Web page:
Ver. 94. The crane is a very fearful and tender bird, and soon sensible of cold and heat, and, through the weight of its body, easily feels the quality of the

upper air, while flying; which occasions her screaming in cold weather, lest she should fall. Tzetz.

Ver. 114. Hesiod keeps up an air of piety quite through his poem, which, as Mr. Addison observes in his Essay on the Georgic, should be always maintained Tzetzes tells us, Ζευς χθόνιος is Bacchus; and the reason for his being joined with Ceres, is because they were in Egypt together, where they instructed men in the art of tillage and planting. It is not unreasonable to iamgine the poet should invoke Bacchus and Ceres, who are the two deities which preside over the harvest and the vintage, two great subjects of this book: but the learned Grævius has put it out of dispute that it is Pluto. Zeus xlovios, says he, is the 'infernal Jupiter,' by xlovia the Greeks meaned xalaxtovia, what is under ground.' This he illustrates by many authorities, and proves XovIOL Eol to be 'infernal gods.' We find many inscriptions, continues he, ΧΘΟΝΙΟΙΣ ΘΕΟΙΣ, in other places θεοις καταχθονίοις. We see in ancient monuments χθονιος Ερμης ‘infernal Mercury;” because he drives the souls of the departed to the shades below. Eschylus calls Pluto Ζευς κεκμηκότων, 6 the Jupiter of the dead;' and Hesiod, likewise, in his Theogony, styles him Jeos Xovios; and the Furies are called by Euripides, lovial Sea infernal goddesses.' Now let us examine why Pluto is invoked by the husbandmen; he was believed to be author of all the riches which come out of the earth. This we have in a hymn to Pluto ascribed to Orpheus:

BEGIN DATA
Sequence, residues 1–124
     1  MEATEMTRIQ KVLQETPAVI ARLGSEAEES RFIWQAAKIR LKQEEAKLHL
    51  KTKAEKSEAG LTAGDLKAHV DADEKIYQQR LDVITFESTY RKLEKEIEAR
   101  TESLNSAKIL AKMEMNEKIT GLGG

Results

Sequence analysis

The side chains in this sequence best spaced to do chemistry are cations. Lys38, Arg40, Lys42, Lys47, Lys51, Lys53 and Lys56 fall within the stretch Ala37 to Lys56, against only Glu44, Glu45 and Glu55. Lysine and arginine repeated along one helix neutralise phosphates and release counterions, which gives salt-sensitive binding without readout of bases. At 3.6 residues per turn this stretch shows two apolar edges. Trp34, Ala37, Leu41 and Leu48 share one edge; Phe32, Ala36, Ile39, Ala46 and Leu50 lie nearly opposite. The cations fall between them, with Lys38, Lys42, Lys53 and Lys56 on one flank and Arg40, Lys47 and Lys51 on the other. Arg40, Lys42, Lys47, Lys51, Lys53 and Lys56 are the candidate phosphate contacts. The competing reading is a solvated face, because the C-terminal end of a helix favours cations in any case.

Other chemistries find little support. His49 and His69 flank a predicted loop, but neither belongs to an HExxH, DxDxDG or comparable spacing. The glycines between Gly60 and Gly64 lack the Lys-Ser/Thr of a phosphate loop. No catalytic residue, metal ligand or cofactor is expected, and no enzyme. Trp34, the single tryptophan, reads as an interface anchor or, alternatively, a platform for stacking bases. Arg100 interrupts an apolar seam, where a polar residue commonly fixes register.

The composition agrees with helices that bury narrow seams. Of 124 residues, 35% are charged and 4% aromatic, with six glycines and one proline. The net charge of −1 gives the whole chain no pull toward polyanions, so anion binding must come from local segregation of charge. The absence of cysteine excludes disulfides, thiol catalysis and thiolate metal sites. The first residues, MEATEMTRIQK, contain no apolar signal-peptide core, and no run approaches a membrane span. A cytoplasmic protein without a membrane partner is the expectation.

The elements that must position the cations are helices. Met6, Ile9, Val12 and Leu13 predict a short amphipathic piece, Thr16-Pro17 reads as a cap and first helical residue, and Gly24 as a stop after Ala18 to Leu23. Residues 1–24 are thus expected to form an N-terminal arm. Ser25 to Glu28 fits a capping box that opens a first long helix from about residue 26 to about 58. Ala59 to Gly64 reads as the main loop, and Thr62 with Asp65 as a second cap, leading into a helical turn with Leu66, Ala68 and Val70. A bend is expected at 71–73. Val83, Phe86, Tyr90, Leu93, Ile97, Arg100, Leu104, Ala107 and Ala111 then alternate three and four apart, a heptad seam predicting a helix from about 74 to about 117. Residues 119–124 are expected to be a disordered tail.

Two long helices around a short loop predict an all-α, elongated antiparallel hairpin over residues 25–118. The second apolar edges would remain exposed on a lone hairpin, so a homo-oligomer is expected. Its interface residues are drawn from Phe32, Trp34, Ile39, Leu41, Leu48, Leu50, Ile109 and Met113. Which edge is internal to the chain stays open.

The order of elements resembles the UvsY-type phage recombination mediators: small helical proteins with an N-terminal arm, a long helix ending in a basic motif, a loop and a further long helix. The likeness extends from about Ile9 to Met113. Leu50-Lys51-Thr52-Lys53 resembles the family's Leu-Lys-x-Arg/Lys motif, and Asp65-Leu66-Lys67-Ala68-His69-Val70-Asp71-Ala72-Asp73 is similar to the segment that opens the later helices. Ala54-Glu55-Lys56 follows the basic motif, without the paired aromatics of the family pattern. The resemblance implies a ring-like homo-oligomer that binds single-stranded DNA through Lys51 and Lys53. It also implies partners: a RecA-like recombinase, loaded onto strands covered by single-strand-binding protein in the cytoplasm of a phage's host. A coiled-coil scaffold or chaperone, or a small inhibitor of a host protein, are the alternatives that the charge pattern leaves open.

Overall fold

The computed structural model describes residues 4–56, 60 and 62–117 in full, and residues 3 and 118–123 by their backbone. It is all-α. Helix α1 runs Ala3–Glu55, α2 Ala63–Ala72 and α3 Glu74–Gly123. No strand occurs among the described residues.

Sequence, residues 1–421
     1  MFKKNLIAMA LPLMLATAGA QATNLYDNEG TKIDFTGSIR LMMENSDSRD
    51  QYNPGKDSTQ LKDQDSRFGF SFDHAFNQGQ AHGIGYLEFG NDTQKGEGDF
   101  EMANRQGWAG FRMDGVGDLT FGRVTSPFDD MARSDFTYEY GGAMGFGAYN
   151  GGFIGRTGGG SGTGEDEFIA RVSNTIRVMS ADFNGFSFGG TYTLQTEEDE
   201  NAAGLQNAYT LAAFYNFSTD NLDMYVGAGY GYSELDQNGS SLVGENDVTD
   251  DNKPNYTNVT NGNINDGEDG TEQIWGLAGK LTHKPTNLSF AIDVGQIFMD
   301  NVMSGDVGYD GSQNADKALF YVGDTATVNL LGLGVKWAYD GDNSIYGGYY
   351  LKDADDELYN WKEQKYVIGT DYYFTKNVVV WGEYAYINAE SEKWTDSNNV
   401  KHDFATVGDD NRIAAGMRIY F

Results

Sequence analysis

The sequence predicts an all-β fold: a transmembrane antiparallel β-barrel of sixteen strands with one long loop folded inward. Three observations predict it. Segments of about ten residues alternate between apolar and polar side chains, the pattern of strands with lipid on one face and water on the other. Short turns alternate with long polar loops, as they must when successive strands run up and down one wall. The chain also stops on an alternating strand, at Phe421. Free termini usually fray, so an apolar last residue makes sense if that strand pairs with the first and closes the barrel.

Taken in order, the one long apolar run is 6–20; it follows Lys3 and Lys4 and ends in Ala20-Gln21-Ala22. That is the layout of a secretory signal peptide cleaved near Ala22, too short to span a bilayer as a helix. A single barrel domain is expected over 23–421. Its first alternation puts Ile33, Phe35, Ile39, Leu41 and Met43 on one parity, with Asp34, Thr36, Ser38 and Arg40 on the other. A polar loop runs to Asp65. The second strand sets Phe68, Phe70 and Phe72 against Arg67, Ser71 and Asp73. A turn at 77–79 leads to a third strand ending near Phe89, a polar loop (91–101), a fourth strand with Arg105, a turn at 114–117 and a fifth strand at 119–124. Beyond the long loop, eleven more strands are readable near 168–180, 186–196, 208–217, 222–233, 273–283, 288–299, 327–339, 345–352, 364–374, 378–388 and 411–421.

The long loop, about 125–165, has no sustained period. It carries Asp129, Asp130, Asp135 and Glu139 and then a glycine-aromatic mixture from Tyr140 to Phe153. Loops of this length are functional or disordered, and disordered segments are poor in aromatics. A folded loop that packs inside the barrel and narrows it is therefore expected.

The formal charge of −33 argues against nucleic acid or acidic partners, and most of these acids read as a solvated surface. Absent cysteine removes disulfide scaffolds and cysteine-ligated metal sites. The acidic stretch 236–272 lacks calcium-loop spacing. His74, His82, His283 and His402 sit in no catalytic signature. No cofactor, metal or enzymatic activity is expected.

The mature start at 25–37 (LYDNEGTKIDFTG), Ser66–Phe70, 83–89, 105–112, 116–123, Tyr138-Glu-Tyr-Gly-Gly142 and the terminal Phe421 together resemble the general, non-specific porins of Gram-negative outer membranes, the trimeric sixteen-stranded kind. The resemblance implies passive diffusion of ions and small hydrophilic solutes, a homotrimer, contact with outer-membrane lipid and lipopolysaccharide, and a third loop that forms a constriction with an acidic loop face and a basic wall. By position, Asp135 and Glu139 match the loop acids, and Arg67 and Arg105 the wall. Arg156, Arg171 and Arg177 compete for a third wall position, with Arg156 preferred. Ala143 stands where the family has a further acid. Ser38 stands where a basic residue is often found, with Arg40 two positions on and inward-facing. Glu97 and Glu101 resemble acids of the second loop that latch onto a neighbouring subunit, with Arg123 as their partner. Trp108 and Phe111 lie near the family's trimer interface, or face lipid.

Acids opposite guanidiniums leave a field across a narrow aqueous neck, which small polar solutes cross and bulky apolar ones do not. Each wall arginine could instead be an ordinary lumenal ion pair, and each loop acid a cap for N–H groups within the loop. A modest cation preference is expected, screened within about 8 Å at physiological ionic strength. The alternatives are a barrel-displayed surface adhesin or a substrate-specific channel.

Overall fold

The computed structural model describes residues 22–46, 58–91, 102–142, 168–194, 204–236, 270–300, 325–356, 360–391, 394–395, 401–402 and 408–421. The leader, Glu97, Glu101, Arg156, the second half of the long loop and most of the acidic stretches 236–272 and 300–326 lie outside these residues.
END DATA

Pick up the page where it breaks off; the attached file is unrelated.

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Πλετοδοτων γενεην βροτεην καρποις ενιαυτων.

'The giver of riches to human race in annual fruits.' and Cicero, de Natura Deorum, thus accounts for it, quod recidant omnia in terras, et oriuntur é terris, 'because all things must be reduced to, and arise from, the earth.' Thus far Grævius; and Valla, in

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his translation, has took it in the same sense: Plu

tonem, in primis, venerare.


Ver. 128. Ει τελος αυτος οπιθεν Ολύμπιος εθλον oralo, is one line in the original; the construction of which is, if Heaven shall afterwards grant you a good end.' The natural interpretation of which is, that proper pains may be taken for the tillage; but if an unlucky season should happen, the labour of the husbandman is frustrated.

Ver. 137. After the poet has taught his countrymen what seasons to plough and sow in, he teaches them what to avoid; which are all the days in the winter tropic, or what the Latins call solstice. From the setting of Sagitta, and the rising of Equus, to the rising of the Pleïades, which is from the eighth degree of Aries to the seventh of Cancer, the vernal equinox begins and ends. From the rising of the Pleïades, which is from the eighth degree of Cancer, to the rising of Arcturus and Capricorn, is the summer solstice, of one hundred and twenty-four days. From the rising of Arcturus and Capricorn, to the setting of the Pleiades and Orion, is the autumn equinox, of fifty-six days. From the setting of the Pleiades and Orion, to the setting of Sagitta, and the rising of Equus, is the winter solstice of a hundred days. Tzetz.